The collapse of peace negotiations saddened Marlborough, who assured Sarah, even as he was on his way to the army to begin a campaign he had hoped never to fight, that:
I can’t but think that some way will be found before the end of this month for our agreeing, everybody having approved of the pleasuring thoughts of peace … I confess I thought it sure, believing it very much in the interest of France to have agreed with us; but since they seem to think otherwise, I hope God has a further blessing in store. I was in hopes to have had the happiness of being with you before the winter; I wish I could still flatter myself with these thoughts. I do wish you all happiness and speed with your building at London, but beg that may not hinder you from pressing forward the building at Blenheim, for we are not so much master of that as of the other.15
Marlborough’s concerns about Blenheim, whose completion depended on the grant of public money, reflected a deeper worry about the future. The Whigs were at the height of their ascendancy, but the Duumvirs knew that they had prejudiced their relationship with the queen, who still craved a balanced administration, by packing the government with Whigs. The death of Prince George and the increasing alienation of Sarah worsened matters, and although the Harley – Masham back door into the queen’s closet was not yet fully open, it was evidently ajar.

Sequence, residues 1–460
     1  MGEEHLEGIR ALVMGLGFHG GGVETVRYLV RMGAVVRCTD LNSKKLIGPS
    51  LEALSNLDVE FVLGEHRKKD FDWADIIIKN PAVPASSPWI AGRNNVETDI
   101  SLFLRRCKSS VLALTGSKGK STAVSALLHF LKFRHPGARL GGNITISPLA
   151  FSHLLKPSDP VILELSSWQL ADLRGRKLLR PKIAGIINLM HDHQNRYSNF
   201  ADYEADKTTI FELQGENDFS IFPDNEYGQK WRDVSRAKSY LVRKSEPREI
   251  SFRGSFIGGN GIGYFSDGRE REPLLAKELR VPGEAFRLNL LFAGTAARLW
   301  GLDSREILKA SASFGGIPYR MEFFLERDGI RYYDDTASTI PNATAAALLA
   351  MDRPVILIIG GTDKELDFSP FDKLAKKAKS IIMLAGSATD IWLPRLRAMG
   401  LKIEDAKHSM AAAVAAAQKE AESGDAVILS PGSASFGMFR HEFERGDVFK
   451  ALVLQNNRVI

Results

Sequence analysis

In the spring of 1709 Marlborough tried to tighten his grip on royal favour and gain public affirmation of his status as military leader of the Grand Alliance by persuading the queen to appoint him captain general for life. Unusually, he does not seem to have consulted Godolphin, his closest political associate; possibly because he knew that Godolphin’s own hold on power was weakening, and that securing the captain generalcy might enable him to swim while Godolphin sank. Neither did he speak to Sarah, probably because he deduced that any interventions she might make would be counterproductive. He weeded his own papers of most of the references which might have helped historians, but the painstaking forensic work of Henry L. Snyder, doyen of Marlburian scholars, now enables us to go well beyond the surmises of Marlborough’s early biographers.